I’ve made some modifications to the original one though, the original script uses aumix to change the sound settings but I like amixer more, so I used that one. I’ve even changed the program it used for playing a click.wav upon pressing the function keys (it used sox, I used play), and the click.wav itself (I’ve used the click.wav that comes with the game gweled).

Here’s my sonypidd: sonypidd for iloog
and click.wav: sonypidd for iloog
To make it all work, extract sonypidd.gz to /usr/local/bin/sonypidd and click.tar.gz to /usr/share/sounds/click.wav. Then, edit /etc/conf.d/local.start and add:
/usr/local/bin/sonypidd >/dev/null 2>&1>
to the end of the file

I also wanted to make the jog dial button to appear the fluxbox menu, so I’ve edited ~/.fluxbox/keys file and changed the line that referred to Mouse2 from:
OnDesktop Mouse2 :workspaceMenu
None Mouse2 :rootMenu

Now I can open a fluxbox menu even when I have other applications on top of the desktop by pressing the jog dial button 🙂

I’d be glad if sjog or rsjog worked so I could do more with the jogdial, but I haven’t made it yet. Their development has stopped and their code no longer builds with the current libraries. Any good programmers out there to revive these programs ? 🙂

Speeding up compilations:
To speed up package compilation I’ve set up distcc on the laptop and on my desktop pc. The problem I faced though was that iloog is compiled as i586 arch and my desktop as i686 so I had to use distcc with crossdev. Even though crossdev appeared to save the day it had a minor problem with it. It always installs the latest testing packages for crosscompiling, and since iloog uses stable packages there were some conflicts while installing packages. These were solved by a brutal hack, editing the /usr/sbin/crossdev binary (line 472) and commenting out the “if [[ -f package.keywords ]]” loop. Then I could put the versions I wanted inside /etc/portage/package.keywords like that:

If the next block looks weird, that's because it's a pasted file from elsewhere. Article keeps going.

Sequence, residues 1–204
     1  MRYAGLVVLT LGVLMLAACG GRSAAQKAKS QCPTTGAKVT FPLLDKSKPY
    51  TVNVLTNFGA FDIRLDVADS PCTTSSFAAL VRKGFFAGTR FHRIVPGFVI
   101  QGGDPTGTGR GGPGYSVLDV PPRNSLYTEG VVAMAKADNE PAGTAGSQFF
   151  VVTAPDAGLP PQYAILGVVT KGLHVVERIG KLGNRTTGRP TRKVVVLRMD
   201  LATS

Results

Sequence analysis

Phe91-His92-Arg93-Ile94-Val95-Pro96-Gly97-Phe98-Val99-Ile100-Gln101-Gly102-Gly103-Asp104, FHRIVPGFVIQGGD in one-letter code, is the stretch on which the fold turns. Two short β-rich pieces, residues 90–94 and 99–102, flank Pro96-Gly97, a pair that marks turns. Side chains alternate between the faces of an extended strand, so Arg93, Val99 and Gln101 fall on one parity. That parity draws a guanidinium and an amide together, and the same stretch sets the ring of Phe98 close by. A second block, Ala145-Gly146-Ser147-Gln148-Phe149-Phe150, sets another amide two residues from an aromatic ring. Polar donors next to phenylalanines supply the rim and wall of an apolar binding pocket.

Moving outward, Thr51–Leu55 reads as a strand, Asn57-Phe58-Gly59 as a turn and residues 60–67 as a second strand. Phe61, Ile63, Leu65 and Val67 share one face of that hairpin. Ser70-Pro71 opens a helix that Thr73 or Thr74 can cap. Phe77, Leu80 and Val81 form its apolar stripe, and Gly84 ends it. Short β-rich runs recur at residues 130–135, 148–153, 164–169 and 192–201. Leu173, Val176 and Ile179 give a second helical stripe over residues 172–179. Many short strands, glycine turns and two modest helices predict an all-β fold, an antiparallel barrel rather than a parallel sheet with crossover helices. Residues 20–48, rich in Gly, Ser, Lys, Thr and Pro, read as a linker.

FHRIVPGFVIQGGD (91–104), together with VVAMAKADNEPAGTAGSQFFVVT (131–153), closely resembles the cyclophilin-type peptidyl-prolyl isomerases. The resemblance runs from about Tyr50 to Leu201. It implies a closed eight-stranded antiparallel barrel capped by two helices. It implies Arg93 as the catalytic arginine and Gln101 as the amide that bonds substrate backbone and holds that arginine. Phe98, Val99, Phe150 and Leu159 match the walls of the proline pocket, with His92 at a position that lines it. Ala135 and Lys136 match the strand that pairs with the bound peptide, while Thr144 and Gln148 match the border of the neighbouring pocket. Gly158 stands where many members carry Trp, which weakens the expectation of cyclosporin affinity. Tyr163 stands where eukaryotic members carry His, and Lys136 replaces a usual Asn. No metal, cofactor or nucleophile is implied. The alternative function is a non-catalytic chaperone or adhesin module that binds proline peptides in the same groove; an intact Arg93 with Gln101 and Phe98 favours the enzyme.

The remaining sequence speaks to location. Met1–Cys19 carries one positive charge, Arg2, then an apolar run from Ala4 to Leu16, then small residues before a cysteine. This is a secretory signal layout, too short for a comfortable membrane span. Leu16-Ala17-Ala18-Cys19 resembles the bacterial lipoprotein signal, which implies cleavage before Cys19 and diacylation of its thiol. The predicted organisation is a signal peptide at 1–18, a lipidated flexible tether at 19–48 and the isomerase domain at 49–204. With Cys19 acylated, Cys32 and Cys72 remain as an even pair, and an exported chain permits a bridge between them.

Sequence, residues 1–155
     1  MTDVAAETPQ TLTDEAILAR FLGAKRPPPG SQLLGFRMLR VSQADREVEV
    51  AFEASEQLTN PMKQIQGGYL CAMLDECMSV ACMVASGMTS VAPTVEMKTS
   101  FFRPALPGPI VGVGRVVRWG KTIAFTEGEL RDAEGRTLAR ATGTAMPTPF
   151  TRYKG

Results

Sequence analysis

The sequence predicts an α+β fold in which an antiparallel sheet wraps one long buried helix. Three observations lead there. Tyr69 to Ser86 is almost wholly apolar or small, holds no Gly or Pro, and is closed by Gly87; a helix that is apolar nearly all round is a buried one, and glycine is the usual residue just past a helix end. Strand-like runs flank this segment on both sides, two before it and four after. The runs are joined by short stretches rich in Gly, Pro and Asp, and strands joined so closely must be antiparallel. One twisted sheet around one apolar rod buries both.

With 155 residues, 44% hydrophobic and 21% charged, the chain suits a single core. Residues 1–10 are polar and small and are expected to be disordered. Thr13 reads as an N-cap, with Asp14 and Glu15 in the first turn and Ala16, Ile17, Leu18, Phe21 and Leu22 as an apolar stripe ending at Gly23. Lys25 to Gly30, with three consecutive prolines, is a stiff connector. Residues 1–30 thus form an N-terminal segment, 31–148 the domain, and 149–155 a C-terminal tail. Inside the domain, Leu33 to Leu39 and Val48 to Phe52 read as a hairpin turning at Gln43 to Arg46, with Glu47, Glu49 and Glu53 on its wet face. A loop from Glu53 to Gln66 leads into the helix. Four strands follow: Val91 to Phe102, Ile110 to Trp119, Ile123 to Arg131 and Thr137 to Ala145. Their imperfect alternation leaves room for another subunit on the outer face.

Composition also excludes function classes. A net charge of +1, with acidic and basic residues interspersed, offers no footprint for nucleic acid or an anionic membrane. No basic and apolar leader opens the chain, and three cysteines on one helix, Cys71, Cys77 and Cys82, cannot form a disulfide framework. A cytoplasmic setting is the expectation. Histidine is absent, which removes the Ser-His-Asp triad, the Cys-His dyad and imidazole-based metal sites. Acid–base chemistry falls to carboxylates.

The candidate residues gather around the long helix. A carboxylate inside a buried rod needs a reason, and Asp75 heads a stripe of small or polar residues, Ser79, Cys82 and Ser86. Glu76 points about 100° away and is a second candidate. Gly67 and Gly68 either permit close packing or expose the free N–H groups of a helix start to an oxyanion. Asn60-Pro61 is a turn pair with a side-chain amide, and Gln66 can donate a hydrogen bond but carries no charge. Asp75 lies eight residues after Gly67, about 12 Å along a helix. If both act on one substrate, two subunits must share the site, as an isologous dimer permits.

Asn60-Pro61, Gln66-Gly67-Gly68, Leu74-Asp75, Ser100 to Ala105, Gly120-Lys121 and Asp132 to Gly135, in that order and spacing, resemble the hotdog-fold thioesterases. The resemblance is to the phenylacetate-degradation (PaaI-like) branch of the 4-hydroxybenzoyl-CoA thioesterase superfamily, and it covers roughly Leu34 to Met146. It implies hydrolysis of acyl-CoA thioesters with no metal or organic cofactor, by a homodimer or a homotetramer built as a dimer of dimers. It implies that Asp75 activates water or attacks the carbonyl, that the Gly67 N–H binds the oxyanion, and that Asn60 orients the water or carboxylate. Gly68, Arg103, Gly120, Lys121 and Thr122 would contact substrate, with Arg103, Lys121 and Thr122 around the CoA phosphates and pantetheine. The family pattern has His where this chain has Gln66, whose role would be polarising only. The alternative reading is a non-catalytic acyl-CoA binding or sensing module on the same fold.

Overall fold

=cross-i586-pc-linux-gnu/gcc-4.1.2 x86~x86
=cross-i586-pc-linux-gnu/glibc-2.5-r4 x86 ~x86

Since distcc with crossdev in now installed I will try to install xorg-server with kdrive use flag. I think that Xvesa will be a loooot lighter than X server.

Pages I’ve read during the process:

Oneliner: text to image using imagemagick

$ convert -size 200x30 xc:transparent -font /usr/share/fonts/dejavu/DejaVuSansMono.ttf -fill black -pointsize 12 -draw "text 5,15 'this is just a test'" test.png

The result:

With this oneliner it’s very easy to create images of e-mail addresses for anti-spam purposes (pretty old-fashioned though).